People get whacked with pots and other cooking implements. We see lots of flying punches, kicks, choke holds and other bone-crunching, body-bruising moves. At least two foes are killed in these frenetic fights, both getting their backs snapped when crashing to the ground at awkward angles. Others are shot in the head (causing death) or shoulders or stomach (causing serious injury). Someone falls out of a helicopter after getting gunned down. A bomb explodes.
Coop saves Rayna from a poisoned drink, after which Rayna forces another perp to drink it. (The concoction causes his throat to dissolve.) After several people die on Rayna’s private jet, Coop, flying the thing, causes the bodies to bash into Rayna several times. We hear about arms getting ripped off, agents playing around with ingesting poisons, etc.
Nearly 100 f-words, about 30 s-words and a generous allotment of other profanities, including “a–,” “d–n,” “h—” and “bloody.” The c-word gets used once, along with other crude-to-obscene terms for sexual body parts. God’s name is misused about 40 times, several times with “d–n.” Jesus’ name is abused a dozen times.
Characters drink wine, champagne and whiskey. A few smoke.
A recently deceased man defecates in his pants (on top of Rayna). Coop is also said to have soiled her pants. She vomits voluminously, splashing the stuff on a corpse. People lie, steal and drive recklessly. Most of Coop’s spy gadgets are disguised in the form of embarrassing personal products, including stool softeners, hemorrhoid wipes and bunion removal gear. A scene takes place in an upscale gambling hall. Rayna refers to Coop’s outfit as “an abortion of a dress.”
I like Melissa McCarthy. I like spy movies. As such, I wanted to like this Melissa McCarthy spy movie. It has a promising cast, what with Jude Law as a James Bond knockoff and Jason Statham taking his super-tough shtick and turning it toward the (more) ludicrous.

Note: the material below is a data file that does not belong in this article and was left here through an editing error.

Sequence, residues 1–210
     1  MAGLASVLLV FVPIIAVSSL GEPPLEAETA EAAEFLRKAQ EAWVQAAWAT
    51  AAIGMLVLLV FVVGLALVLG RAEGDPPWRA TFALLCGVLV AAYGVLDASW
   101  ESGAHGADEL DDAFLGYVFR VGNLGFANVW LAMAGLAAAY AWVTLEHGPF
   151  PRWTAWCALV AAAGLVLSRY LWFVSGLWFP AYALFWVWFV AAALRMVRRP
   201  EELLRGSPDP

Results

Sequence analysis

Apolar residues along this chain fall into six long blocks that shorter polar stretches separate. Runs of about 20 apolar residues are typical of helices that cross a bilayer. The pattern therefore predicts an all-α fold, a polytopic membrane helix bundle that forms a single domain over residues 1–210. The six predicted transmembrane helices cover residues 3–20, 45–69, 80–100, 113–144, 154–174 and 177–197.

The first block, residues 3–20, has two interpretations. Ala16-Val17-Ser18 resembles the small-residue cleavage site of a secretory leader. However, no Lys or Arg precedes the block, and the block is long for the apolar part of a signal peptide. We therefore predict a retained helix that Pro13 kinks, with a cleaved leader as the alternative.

But while Spy made me smile a time or two, most of its humor is predicated on McCarthy and Co. getting horrifically obscene. Or gross. It seems as though the entire movie was built around the idea of audiences giggling and gasping, “Did you hear what she just said?!”
You know, even if I was the type of person to find profanity funny in the first place (and I’m not), the joke would still be getting a little old. Paul Feig pumped this same well for Bridesmaids (for which McCarthy won an Academy Award). He returned to it in the Melissa McCarthy/Sandra Bullock comedy The Heat. And here we are again. The same words, employed in the same way, by the same person. It’s the same jagged joke told 50 times in the same movie. Dude, even funny jokes get pretty threadbare after a while. And I’ve heard enough of this particular punchline to last the rest of my career.
McCarthy is a gifted comedienne with a bewildering number of tools at her disposal. You see hints of some of her other talents here … but too few and too rarely.
Even the best comics are sometimes defined by one trademark or skit. Abbot and Costello will always be known for “Who’s on First?” Harpo Marx will forever be associated with his harp and horn. But I hope that when it comes down to penning McCarthy’s legacy there’s more to it than one unprintable word.
Paul Asay has been part of the Plugged In staff since 2007, watching and reviewing roughly 15 quintillion movies and television shows. He’s written for a number of other publications, too, including Time, The Washington Post and Christianity Today. The author of several books, Paul loves to find spirituality in unexpected places, including popular entertainment, and he loves all things superhero. His vices include James Bond films, Mountain Dew and terrible B-grade movies. He’s married, has two children and a neurotic dog, runs marathons on occasion and hopes to someday own his own tuxedo. Feel free to follow him on Twitter @AsayPaul.